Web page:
Link to Original Story: Sex - JED
It's actually been awhile since I wrote this. Almost a whole week! Things have been busy (or so I pretend) and so I've been working more on writing the next story than thinking about the last one. So, I just re-read it, and unsurprisingly was both embarrassed and pleased. First off I should say that JP really seemed to like this one. I think the idea was creative, and I'll give myself a clap on the back for it. The only down side is that it's more about lust than sex, but in the end I think that's okay. I also like the character of the narrator, there's something more interesting in his subtle lust than the overt lust Odysseus describes. And it was fun for me to do a bit of a fantasy. This is the first one I've done yet, and I'm proud of myself for holding out so long. That all said, I think its tone is melodramatic and stilted. Too grandiose and too awkward at the same time. Some of the sentences sound very "senior year in high school." And of course it seems rushed – I think he should have talked more about what he did before and after the sirens. In general it's not bad, though I do think it's a showcase for my limitations as much as my abilities.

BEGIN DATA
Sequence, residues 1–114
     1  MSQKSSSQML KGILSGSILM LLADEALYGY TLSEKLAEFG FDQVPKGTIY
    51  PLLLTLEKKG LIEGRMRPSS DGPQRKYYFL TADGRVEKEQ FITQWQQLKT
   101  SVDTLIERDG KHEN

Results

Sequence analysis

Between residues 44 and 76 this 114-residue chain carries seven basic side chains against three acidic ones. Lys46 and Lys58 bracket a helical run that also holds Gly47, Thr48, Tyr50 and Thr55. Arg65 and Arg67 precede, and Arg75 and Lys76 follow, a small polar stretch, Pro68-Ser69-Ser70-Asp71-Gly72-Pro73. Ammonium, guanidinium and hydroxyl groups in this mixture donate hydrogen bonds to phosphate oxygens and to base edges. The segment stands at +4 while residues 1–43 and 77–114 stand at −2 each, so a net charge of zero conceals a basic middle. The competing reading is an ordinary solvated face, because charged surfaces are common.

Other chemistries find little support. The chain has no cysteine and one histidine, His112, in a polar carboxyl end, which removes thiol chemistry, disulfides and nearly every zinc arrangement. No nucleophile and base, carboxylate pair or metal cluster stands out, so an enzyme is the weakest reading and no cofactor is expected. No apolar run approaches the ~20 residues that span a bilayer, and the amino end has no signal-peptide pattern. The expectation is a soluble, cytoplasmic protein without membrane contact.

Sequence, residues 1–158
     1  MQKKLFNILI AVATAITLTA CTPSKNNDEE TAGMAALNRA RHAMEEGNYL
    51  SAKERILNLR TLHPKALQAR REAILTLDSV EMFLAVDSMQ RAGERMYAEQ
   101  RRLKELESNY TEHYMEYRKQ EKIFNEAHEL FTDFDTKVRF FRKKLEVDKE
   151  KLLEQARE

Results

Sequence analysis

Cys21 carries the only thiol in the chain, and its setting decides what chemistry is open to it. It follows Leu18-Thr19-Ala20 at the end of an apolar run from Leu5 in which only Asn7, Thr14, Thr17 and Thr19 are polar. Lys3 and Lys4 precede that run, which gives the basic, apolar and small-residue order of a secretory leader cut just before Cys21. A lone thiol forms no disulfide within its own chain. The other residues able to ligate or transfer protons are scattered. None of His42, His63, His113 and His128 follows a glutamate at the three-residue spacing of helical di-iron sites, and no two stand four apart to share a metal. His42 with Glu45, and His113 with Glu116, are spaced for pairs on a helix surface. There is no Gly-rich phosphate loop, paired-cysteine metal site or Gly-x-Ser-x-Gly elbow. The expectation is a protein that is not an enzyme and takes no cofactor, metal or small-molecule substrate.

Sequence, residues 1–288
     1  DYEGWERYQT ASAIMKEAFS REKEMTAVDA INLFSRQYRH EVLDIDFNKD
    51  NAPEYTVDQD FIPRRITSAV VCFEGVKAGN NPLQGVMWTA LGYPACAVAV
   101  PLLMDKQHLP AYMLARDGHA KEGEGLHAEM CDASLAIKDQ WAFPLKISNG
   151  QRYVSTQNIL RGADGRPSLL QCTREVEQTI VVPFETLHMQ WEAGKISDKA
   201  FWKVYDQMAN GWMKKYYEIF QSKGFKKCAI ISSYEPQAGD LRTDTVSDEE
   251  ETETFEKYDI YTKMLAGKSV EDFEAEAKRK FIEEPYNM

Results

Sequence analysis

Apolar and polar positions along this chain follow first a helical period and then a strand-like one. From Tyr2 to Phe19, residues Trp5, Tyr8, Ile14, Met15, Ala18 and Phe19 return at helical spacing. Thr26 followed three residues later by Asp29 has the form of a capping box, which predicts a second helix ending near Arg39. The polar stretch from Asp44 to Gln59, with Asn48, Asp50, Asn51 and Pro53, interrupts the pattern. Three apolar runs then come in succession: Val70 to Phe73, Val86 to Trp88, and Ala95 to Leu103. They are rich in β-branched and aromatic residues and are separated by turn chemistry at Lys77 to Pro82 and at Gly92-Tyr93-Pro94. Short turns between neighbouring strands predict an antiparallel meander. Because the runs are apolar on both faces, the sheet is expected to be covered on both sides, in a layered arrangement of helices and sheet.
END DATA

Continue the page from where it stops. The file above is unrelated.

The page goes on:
I’m writing this note well down the road from when this story was written, and it’s still one of my favorites, from either of us. Sure, there’s a little graphic homosexual handjobbery going on, but that’s not the point. First of all, the story is just well-written, from start to finish. To me, the writing evokes the mood of a sky growing dark with clouds, but without rain. Second of all, it’s a fascinating take on the Odysseus myth, making what is, in reality, a fairly small aspect of the story, and allowing it to escape its confines; I love the idea that something relatively minor and trivial can be the incident that everything later revolves around. Also, both of the characters here, Odysseus himself and the narrator, are extremely complex and realistic characters. It’s not often that characters make so much of themselves known in such a small space. Finally, JED creates a powerful meditation on the nature of lust, the unbridled burning nature that drives men past the point of insanity, even when every fiber of them strains to resist. Odysseus, not the Sirens, is lust personified. He returned to his life, and he lived as best he could, but that base instinct is always there beneath the surface, screaming to get out. I think that’s true of many of us, and it’s a testament to our rationality and civilization that we don’t let it out more often.